I had to smile to myself one morning as I rode my young teenage daughter's bike through the street in our neighborhood towards home. To many on the outside, I probably looked like I was out for a pleasant morning bike ride, enjoying the weather on a white beach cruiser.
In reality, I had just come from my daughter’s school, where I had made her leave and sit with me in the car until she finished the breakfast she had left uneaten. I then retrieved the bike (that she had taken without permission), rode it home, and locked it up to the lawn mower so this scene wouldn't repeat itself again.
Definitely not a leisurely morning bike ride.
When my daughter was in treatment for anorexia nervosa
, we learned that recovery had to become our number one priority. Nothing else in life mattered if our daughter didn't eat.
We learned to set hard and fast rules around food. Rules that were inflexible and could not be broken. If she did not eat, she did not leave the house.
Because of this mindset, most things that were typically front and center in our lives had to take a backseat for a bit, due to the effort required to stay in recovery. We had to let a lot of things go (schoolwork, sports, music lessons, and so on). While these things are all very important, facing a major crisis taught us what really mattered most in life. And if our daughter's health was in danger, none of those outside activities would matter, anyways.
When our daughter was discharged from eating disorder treatment
and came home, we felt confident in our caretaking abilities. We had learned so much. Full recovery was our goal, and we were willing to make whatever sacrifices were necessary to get there.
We monitored meals and snacks six times a day, restricted her to a minimal activity level, and met with members of our treatment team several days a week.
Eating disorder recovery at school
When she was home with us and under our watch 24 hours a day, this was manageable. But once she returned to school after eating disorder treatment
, we had to formulate a new plan. A few things that helped us were:
- We met with several staff members at her school to discuss things that were non-negotiable in her care (snacks, mealtime monitoring, and therapy appointments). They helped us find a way to weave these into each school day.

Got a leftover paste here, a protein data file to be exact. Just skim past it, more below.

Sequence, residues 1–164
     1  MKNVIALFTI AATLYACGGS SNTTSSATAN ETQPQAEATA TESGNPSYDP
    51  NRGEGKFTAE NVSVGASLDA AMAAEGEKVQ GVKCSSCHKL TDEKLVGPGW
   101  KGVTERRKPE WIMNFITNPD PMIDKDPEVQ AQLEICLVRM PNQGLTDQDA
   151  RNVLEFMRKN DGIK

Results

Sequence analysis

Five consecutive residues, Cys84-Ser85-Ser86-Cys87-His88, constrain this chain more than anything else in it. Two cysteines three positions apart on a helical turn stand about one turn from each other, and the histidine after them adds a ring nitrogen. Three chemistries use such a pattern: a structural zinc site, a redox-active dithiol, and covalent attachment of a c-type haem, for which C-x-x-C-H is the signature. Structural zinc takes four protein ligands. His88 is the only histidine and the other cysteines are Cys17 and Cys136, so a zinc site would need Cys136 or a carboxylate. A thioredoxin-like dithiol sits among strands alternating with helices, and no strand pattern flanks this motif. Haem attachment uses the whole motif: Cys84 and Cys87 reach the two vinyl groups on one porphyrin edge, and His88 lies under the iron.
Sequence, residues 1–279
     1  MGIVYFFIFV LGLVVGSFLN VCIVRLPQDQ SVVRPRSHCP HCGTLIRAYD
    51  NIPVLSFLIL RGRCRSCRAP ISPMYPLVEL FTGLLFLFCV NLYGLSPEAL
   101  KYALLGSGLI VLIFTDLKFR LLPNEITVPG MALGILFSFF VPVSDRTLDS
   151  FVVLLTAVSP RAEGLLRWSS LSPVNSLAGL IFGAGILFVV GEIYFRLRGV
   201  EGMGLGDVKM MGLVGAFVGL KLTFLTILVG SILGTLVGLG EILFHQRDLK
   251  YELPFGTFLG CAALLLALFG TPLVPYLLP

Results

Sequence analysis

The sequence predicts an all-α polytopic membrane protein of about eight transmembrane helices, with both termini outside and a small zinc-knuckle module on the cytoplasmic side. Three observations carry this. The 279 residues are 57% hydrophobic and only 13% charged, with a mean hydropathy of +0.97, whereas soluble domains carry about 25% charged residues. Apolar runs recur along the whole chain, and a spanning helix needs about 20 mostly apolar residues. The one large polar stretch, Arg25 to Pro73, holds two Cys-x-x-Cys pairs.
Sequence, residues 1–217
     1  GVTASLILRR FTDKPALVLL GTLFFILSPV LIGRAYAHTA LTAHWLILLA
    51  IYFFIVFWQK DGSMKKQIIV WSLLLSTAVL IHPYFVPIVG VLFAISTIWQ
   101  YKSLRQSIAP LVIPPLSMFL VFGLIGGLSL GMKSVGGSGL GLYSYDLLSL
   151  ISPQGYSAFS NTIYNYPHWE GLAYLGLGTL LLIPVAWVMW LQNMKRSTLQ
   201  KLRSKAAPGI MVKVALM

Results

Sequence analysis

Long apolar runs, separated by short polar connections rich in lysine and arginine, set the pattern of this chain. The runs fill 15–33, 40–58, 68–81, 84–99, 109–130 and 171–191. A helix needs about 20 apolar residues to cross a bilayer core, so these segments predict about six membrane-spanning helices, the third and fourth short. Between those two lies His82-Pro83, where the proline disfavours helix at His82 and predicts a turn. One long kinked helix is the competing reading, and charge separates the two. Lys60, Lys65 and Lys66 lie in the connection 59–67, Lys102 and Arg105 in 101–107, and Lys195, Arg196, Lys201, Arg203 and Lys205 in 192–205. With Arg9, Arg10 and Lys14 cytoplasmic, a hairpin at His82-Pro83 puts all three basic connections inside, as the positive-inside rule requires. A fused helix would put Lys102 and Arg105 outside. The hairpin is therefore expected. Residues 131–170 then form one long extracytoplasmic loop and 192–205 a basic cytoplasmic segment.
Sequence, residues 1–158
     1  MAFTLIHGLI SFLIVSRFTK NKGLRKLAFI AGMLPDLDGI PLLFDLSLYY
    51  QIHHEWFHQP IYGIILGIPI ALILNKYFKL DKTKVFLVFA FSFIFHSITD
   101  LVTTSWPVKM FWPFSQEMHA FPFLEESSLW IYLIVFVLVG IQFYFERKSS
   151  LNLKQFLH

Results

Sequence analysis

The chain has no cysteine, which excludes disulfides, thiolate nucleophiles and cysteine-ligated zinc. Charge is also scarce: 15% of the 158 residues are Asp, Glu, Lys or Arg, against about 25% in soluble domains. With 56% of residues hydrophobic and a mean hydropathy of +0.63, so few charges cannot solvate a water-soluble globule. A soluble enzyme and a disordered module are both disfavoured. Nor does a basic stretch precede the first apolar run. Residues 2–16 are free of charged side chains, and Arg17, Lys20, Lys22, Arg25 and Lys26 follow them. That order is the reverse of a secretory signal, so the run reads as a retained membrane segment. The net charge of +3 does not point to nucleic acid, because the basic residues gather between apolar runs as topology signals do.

- The school nurse and counselor monitored her food consumption and activity level when she was out of our supervision.
- We simplified her class schedule and discussed her situation (briefly) with her teachers.
Thankfully, the school staff were caring and supportive. The front office lady even made me my own visitor badge to ease the process of signing in, since I was at the school almost every day. It was not convenient to make these daily treks to the school, but it was worth the effort and kept us on the path to our goal of recovery.
Through the help and support of many, our daughter completed the school year without sacrificing any of the headway we had gained. I strongly believe that this was only possible because we let nothing stand in the way of our daughter's recovery. We knew what needed to happen and went to great lengths to ensure success and completion.
As parents, it can sometimes be hard to set boundaries with and for our children. But we did it. We stood our ground on our rules and principles and held fast to our priorities. If our daughter had to miss school because she wouldn't eat or had an appointment, so be it. Our sights were set on recovery, and we knew the way to get there.
Sometimes that way even looked like an unexpected morning bike ride through the neighborhood after a breakfast had finally been eaten.
Sunnie Gruwell resides in Houston, Texas with her husband of almost 16 years and her six awesome children. She has immense gratitude for the life-saving treatment her oldest daughter received at the Eating Recovery Center in Denver, Colorado, and recognizes the extremely important role that caregiver knowledge and education play in the treatment of adolescents with eating disorders. Sunnie has been able to share her story on two occasions at the Eating Recovery Center in The Woodlands, Texas where her daughter first began receiving treatment for anorexia-nervosa. Her continued support for her daughter reinforces the reality that recovery is not a one-time event, but a journey. She admires the strength, resilience, and growth her daughter has shown as she battles her eating disorder, and greatly appreciates the ERC for equipping her family with the tools needed to feel empowered in their fight.